Happy birthday, Sharmilaji!
From doe-eyed ingenue to bikini-clad stunner, from commercial superstar to censor board chief, Sharmila Tagore has worn many hats very memorably indeed.
And as the star turns 70 today, December 8, we raise a toast to her finest performances.
Happy Birthday, Sharmilaji. Long may you continue to make us swoon. And may some filmmaker today find the courage to write you a part to rival these films, your very best.
Presented here, then, in chronological order, the Sharmila Tagore top 10:
Apur Sansar (1959)
Tagore’s debut film happened to be a cinematic landmark, the actress making her bow during the final act of Satyajit Ray’s iconic Apu Trilogy.
Translated as The World Of Apu, Apur Sansar is heartbreaking and eventually bleak, with Soumitra Chatterjee’s Apu forced to marry Tagore’s Aparna. Between all the sadness, Sharmila incandescently lights up the screen, and their tender romance remains a part of movie lore.
While her debut might have been more Chatterjee’s film, Tagore’s next -- also featuring the same leading man -- was decidedly the author-backed central character.
A Ray satire on societal conventions and religious dogma, Devi sees Tagore hoisted onto a pedestal one day because her father-in-law dreams she is an avatar of the goddess Kali.
Supplicants begin to build, and Tagore is phenomenal in the part as she too begins to believe in her own divinity.
Kashmir Ki Kali (1964)
Tagore’s Bollywood innings began diametrically different from her intense work with Ray. Director Shakti Samanta decide to use the dazzling actress to enchant the audience.
It was a clever call because Tagore was rather atypical to the Hindi screen considering then-heroines like Sadhana, Saira Banu and Vyajantimala, and she forged immediate (and delightful) chemistry with her irrepressible leading man, Shammi Kapoor. The elfin and the impish made for quite a pair.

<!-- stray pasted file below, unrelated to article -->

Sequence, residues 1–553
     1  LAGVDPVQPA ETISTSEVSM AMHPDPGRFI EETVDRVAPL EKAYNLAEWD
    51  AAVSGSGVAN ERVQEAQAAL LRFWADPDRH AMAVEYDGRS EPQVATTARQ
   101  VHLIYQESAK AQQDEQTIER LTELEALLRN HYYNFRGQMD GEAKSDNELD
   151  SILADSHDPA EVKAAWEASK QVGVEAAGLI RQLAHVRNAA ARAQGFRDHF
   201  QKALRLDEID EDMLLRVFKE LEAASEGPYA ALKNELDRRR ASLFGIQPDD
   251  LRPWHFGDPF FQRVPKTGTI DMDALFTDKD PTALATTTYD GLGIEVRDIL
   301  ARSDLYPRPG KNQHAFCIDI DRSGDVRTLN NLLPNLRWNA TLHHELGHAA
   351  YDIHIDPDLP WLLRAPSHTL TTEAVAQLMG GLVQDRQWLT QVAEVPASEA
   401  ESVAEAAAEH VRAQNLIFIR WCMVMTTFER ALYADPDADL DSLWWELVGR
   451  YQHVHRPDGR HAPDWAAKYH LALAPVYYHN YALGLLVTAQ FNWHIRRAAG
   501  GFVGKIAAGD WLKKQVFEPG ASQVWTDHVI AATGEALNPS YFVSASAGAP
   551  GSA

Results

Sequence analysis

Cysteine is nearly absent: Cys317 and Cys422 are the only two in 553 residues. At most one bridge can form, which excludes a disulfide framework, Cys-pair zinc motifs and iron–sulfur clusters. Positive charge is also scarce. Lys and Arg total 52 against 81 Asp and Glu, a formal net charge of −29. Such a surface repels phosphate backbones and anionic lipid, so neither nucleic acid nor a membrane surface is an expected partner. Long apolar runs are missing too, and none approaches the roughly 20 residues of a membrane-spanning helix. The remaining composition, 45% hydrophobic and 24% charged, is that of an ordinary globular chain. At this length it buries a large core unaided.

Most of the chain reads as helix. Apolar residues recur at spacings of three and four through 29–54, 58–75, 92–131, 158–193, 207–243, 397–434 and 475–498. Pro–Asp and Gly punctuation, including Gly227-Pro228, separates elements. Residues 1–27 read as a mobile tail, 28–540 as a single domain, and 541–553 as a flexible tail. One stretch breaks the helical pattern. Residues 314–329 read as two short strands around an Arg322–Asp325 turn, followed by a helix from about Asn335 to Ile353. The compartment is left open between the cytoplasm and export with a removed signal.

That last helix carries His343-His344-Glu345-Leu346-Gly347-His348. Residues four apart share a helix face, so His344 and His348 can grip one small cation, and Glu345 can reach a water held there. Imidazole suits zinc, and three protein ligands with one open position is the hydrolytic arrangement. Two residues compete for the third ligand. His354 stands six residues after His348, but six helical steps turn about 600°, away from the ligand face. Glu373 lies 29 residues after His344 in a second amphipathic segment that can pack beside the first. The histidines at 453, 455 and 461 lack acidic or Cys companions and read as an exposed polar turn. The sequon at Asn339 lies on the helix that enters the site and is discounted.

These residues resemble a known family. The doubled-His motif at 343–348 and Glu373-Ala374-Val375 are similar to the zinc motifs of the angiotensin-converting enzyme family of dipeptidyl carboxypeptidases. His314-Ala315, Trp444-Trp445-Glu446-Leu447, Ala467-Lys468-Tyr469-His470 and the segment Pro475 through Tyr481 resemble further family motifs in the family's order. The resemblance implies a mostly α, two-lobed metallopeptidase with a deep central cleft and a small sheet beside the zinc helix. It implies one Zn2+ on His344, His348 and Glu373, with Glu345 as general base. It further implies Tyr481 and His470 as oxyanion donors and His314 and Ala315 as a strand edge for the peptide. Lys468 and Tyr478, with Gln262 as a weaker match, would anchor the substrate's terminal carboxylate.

No other Hindi filmmaker quite tapped into Tagore’s talent like Hrishikesh Mukherjee. The master director first cast her in this unconventional drama about a deeply introverted girl.
Tagore, as the reticent Uma, delivers an evocative performance alongside leading man Dharmendra, who plays a writer and teacher, and Deven Varma, who left us so recently.
Satyajit Ray’s fantastically introspective look at the life of an actor and the very nature of celebrity was grounded and held in place by Sharmila Tagore playing a young journalist, determinedly hacking away at a superstar actor, who happens to be on the train with her.
Uttam Kumar, as the star, is splendid but it is Tagore’s performance that gives the film its narrative heft and holds it together.
An Evening In Paris (1967)
Yet another Shakti Samanta film, An Evening In Paris saw Sharmila not just at her most varied -- she starred in a double role as heiress and cabaret dancer -- but also at her absolute sexiest, as she became the first mainstream Hindi film heroine to wear a bikini on screen.
She did so with marvellous nonchalance, and embraced the film’s commercial aspects very gamely indeed, making for a rollicking performance alongside longtime screen companion Shammi Kapoor.
A profound moral and philosophical tale dealing with rationalism and, eventually, absolutism, this Hrishikesh Mukherjee drama saw the director and leading man Dharmendra arguably at their very peak. Tagore herself has a conflicted, morally grey role, a demanding one that the actress handles beautifully.
It is a thoughtful performance in a thought-provoking film.
Melodramas are rarely as unforgettable as this Shakti Samanta weepie featuring Rajesh Khanna in a double role.
Tagore’s is the miserable role, that of a briefly wooed, secretly-married wife who is widowed quickly and has to pretend to be her son’s nurse. It is a painful part, and Tagore is masterful on a near-operatic level as she nobly takes all the hurt in her stride.
Aranyer Din Ratri (1970)
In Satyajit Ray’s 1970 adaptation of Sunil Gangopadhyay’s novel of the same name -- translated to Days And Nights In The Forest -- Tagore plays Aparna, a progressive and elegant woman out for a getaway in the forest.
She’s sophisticated, sharp and clever enough to not be taken in by casually charming men, who might not know what they want just yet. It’s a deliciously well-balanced character, and nobody but Tagore could have played it as gracefully.
Gulzar’s 1975 drama almost let Sharmila play out her Aradhana character in reverse, here starring in a double role as the mother who went insane and the daughter who doesn’t know her father’s identity.
This is an even more depressing set of characters, with Tagore first, as the mother, sliding into dementia and later, as the daughter, working in a brothel. It all sounds like high-melodrama, but Gulzar treats the subject with his trademark sensitivity, and gives Tagore all the room for a truly special performance.